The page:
October 20, 2019
The legal case in focus for this project is the SEC vs Stratton Oakmont. Stratton Oakmont was an over the counter brokerage firm founded by Jordan Belfort and Danny Porush. Throughout the history of the firm, they were notoriously known for defrauding their investors and laundering any proceeds collected from such transactions. Both Jordan Belfort and Danny Porush were indicted for securities fraud and money laundering, and their company was ceased by December of 1996. In 2014, Belfort was sentenced to 4 years in federal prison but only served 22 of those months.
The moral dilemma faced by Belfort and Porush is to choose between doing something they love that also negatively impacts others or to look for other ways to make ends meet. It must also be mentioned that the types of stocks Belfort was selling were penny stocks, which are stocks not traded on the New York Stock exchange. Penny stocks are made available for the everyday man/woman, and it was people like them who were defrauded by Belfort and Porush. It is clearly wrong to “steal” from someone; however, it is another thing to “steal” from those who actually need it. Belfort created Stratton Oakmont for the precise reason to defraud those not as intellectually capable as he was. Many are familiar with the character of Robin Hood, a man who steals from the rich only to give it back to the poor. Jordan Belfort, on the other hand, is the anti-Robin Hood, he steals from the poor only to give back to the rich.
Furthermore, I believe he deserved the punishment he received and is lucky it ended up the way it did. In the case of Stratton Oakmont, for the court to determine whether there is reasonable likelihood a defendant will violate securities laws in the future – they look at several factors. Whether the violation was isolated or part of a pattern, whether the violation was flagrant and deliberate or merely technical in nature, and lastly, whether the defendant’s business will present opportunities to violate the law in the future. For Belfort and Porush, it is crystal clear they were in violation of securities law as their actions were part of a pattern. Their efforts were flagrant and deliberate, as they knowingly created a boiler room to deceive investors continuously. And lastly, they did have opportunities to violate the law again as their entire job is solely to sell stocks.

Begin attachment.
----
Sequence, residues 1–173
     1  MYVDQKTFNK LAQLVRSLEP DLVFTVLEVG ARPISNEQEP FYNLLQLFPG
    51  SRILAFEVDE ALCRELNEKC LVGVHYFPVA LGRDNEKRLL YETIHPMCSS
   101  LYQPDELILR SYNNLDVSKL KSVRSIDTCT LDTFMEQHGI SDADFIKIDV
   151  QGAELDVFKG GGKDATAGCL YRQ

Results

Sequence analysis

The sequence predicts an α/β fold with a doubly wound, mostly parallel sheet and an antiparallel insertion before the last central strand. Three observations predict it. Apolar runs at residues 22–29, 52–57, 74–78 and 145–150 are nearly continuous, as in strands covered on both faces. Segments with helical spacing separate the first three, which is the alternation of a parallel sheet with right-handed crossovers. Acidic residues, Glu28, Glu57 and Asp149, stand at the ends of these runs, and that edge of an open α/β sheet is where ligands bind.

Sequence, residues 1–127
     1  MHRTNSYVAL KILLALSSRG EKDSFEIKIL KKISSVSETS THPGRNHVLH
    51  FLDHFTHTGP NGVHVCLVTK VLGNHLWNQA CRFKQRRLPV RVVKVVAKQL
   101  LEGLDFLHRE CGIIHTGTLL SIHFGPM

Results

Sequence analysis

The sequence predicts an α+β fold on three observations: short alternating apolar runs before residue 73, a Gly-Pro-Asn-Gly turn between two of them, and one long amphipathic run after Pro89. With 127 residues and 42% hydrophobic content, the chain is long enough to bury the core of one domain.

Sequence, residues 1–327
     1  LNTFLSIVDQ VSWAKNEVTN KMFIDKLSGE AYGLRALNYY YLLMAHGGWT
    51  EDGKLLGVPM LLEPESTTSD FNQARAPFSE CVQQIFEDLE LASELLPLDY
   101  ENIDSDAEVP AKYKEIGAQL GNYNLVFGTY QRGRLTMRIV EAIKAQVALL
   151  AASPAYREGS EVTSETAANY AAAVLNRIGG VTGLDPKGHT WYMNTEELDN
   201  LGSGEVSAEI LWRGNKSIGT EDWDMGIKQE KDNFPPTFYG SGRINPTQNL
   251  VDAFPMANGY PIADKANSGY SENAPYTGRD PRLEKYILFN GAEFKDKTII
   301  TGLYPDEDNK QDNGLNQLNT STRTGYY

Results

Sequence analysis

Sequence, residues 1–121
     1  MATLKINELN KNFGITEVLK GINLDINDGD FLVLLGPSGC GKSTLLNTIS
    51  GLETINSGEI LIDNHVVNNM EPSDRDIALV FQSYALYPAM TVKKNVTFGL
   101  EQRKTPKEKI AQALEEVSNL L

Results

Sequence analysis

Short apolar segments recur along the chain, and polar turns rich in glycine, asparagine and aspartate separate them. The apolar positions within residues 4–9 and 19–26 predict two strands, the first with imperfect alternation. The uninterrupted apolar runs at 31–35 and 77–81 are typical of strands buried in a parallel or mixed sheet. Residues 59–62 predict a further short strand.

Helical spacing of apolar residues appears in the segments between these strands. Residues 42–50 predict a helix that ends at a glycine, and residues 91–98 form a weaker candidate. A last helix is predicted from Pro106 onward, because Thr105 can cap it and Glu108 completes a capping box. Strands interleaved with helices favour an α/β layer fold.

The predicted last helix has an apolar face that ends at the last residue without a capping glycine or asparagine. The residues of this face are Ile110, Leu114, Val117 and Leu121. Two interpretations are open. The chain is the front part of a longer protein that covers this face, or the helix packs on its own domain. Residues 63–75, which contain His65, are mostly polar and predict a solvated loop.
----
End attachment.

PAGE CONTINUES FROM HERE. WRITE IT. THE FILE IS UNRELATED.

There is an article on the Corporate Social Network entitled: “The Impact of White Collar Crime on Society, A Lehman Brother’s Case Study.” The article talks about the downfall of the Lehman Brothers and the ways they contributed to the 2008 financial crisis. The Lehman Brothers were found guilty of fraud as well by deceiving investors that the company was liquid enough to cope with the economic turmoil. Furthermore, the article stated that there were several impacts on society – the breeding of a company culture of impunity and potential financial crisis. In the case of breeding a culture, if a firm is deceiving its investors, it must be that it comes from the executive management team and trickle down and influence those below them. And much is the same for Stratton Oakmont, much of the impacts on society are the same. Stratton Oakmont created a company culture of ethical ambiguity and impunity.
Justia Law. (2019). SEC v. Stratton Oakmont, Inc., 878 F. Supp. 250 (D.D.C. 1995). [online] Available at: law.justia.com/cases/federal/district-courts/FSupp/878/250/1439881/ [Accessed 31 Oct. 2019].
Bouazza, Marjana. “Lehman Brothers Case Study.” Corporate Responsibility Network, © Copyright ‘2019’ by Dr Ana-Maria Pascal, Oct. 2017. Available at: www.corporateresponsibilitynetwork.com/lehman-brothers-case-study/